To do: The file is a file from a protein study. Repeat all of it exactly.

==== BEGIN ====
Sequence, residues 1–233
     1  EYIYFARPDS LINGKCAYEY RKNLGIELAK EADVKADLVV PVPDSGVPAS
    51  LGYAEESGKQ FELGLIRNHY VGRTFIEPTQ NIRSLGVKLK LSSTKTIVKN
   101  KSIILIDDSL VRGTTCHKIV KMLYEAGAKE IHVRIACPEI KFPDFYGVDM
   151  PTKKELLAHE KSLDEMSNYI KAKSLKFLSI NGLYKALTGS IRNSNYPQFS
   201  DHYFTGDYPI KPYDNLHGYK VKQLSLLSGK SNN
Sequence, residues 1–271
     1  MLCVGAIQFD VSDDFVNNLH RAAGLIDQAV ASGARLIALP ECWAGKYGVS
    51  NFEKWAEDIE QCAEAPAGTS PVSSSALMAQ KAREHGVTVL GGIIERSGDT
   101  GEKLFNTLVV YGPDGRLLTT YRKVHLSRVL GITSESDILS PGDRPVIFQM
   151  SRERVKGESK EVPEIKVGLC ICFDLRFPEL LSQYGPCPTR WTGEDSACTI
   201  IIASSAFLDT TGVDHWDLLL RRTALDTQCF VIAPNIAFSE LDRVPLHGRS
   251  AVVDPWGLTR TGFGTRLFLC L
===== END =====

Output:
Sequence, residues 1–233
     1  EYIYFARPDS LINGKCAYEY RKNLGIELAK EADVKADLVV PVPDSGVPAS
    51  LGYAEESGKQ FELGLIRNHY VGRTFIEPTQ NIRSLGVKLK LSSTKTIVKN
   101  KSIILIDDSL VRGTTCHKIV KMLYEAGAKE IHVRIACPEI KFPDFYGVDM
   151  PTKKELLAHE KSLDEMSNYI KAKSLKFLSI NGLYKALTGS IRNSNYPQFS
   201  DHYFTGDYPI KPYDNLHGYK VKQLSLLSGK SNN
Sequence, residues 1–271
     1  MLCVGAIQFD VSDDFVNNLH RAAGLIDQAV ASGARLIALP ECWAGKYGVS
    51  NFEKWAEDIE QCAEAPAGTS PVSSSALMAQ KAREHGVTVL GGIIERSGDT
   101  GEKLFNTLVV YGPDGRLLTT YRKVHLSRVL GITSESDILS PGDRPVIFQM
   151  SRERVKGESK EVPEIKVGLC ICFDLRFPEL LSQYGPCPTR WTGEDSACTI
   201  IIASSAFLDT TGVDHWDLLL RRTALDTQCF VIAPNIAFSE LDRVPLHGRS
   251  AVVDPWGLTR TGFGTRLFLC L